Former coup maker George Speights is rumoured to be hospitalized as a result of a severe beating by army soldiers after saying that Frank Bainimarama will soon join him in Naboro Maximum  Security Prison.
« Last Edit: September 10, 2014, 11:58:56 am by politicus »Logged

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« Reply #27 on: September 10, 2014, 02:26:48 pm »
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A radio and TV-debate between SODELPA leader Ro Teimumu Kepa and Frank Bainimarama is taking place tonight on FBCs i-taukei language radio Fiji ONE station followed by a live TV appearance. She has been relentless in her pressure to get the debate and its going to be the only tim Bainimarama is challenged directly (so no English or Fiji Hindi debates).
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« Reply #28 on: September 11, 2014, 10:31:19 am »
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Video of the captured soldiers released and their commander Captain Rabuka is saying they will be freed soon in the end.

http://www.youtube.com/watch?v=gH0zOZDdY9Y#t=45


The kidnappers in the video are rather pale, so they might be European (or American?) Salafists (all though Syrians are often quite light skinned and their Arabic sounds "native"). If anyone speaks Arabic (Kal?) it would be interesting to hear if there is a foreign accent of sorts.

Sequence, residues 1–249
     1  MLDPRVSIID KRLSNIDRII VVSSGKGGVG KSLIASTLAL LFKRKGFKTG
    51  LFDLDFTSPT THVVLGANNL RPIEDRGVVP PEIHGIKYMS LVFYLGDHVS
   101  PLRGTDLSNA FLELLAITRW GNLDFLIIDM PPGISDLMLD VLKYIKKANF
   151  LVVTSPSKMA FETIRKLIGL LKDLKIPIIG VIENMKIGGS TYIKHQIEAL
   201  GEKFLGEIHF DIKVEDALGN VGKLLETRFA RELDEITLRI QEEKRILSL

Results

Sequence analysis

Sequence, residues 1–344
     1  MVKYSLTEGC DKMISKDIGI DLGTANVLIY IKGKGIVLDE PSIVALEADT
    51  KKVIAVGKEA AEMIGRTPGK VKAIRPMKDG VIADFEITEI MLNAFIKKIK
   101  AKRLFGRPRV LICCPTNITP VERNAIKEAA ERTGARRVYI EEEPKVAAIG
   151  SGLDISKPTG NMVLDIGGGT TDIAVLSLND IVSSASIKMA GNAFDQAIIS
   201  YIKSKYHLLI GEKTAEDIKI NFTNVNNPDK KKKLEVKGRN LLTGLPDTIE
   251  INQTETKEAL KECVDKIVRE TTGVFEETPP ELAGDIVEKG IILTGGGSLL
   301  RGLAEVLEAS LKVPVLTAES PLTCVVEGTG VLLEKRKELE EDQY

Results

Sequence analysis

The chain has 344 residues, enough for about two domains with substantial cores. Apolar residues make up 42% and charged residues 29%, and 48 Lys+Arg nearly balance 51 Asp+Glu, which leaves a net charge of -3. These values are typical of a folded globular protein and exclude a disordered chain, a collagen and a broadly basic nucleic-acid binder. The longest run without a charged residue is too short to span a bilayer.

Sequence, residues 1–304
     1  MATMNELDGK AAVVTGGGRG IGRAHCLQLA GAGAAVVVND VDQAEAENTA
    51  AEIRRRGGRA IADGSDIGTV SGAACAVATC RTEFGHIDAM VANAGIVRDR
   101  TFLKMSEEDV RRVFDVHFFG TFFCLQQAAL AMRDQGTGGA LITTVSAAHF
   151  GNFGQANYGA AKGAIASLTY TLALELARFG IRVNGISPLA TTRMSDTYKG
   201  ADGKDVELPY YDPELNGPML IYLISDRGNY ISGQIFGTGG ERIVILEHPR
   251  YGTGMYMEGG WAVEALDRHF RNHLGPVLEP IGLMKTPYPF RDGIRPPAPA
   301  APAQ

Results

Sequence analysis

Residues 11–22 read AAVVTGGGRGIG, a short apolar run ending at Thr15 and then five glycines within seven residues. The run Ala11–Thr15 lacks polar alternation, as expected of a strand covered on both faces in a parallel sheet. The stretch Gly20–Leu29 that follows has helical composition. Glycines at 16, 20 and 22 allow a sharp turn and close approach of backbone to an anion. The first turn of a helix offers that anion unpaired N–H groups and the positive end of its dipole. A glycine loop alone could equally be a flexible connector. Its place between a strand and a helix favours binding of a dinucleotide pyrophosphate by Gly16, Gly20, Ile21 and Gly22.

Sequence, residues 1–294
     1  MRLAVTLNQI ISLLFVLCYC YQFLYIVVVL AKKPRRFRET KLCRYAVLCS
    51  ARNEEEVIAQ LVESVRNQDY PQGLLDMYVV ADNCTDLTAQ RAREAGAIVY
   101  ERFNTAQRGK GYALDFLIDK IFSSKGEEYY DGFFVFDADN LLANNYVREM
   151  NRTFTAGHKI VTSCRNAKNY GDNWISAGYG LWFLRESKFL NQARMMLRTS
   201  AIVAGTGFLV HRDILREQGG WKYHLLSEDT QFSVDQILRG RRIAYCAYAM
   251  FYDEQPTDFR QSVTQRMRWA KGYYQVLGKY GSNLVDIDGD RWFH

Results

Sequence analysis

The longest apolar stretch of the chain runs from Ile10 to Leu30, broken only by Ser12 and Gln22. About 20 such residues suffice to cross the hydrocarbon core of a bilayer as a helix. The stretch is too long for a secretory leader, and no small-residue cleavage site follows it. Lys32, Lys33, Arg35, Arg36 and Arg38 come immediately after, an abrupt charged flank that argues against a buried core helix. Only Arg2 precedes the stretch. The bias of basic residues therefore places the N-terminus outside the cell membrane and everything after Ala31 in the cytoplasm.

Bainimarama and Chief Keko will meet on the popular Straight Talk tv-show on Sunday, so there will be a debate in English.

I cant find any info on who won the first debate.

« Last Edit: September 11, 2014, 11:39:39 am by politicus »Logged

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« Reply #29 on: September 11, 2014, 10:15:49 pm »
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Soldiers released. The government of course tries to get the glory. Bainimarama says:

"I know all Fijians join me in feeling a great sense of relief and joy, as well as a deep appreciation for all those who had a hand in securing their safe release, including the skilled group of UN negotiators and our superb team in New York and Suva, who worked constantly behind the scenes to produce this outcome. As a nation, we thank you."

Given the incompetence shown by the government and army brass this is a bit much, but with timid media the question is how many voters will know.

Anyway, good news for the government obviously. A continuation of the hostage situation might have seen FF drop below 40%.
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« Reply #30 on: September 14, 2014, 05:25:09 pm »
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See the debate between Chief Kepa and Frank Bainimarama here. I would say she won, but she was also much too defensive when asked about specific policies.
http://www.coupfourandahalf.com/

It marks the end of the campaign. From 7AM Fiji time and onwards all campaigning is forbidden and voters are expected to make up their mind in peace before election day (Wednesday).  
« Last Edit: September 14, 2014, 05:29:00 pm by politicus »Logged

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« Reply #31 on: September 15, 2014, 04:23:01 am »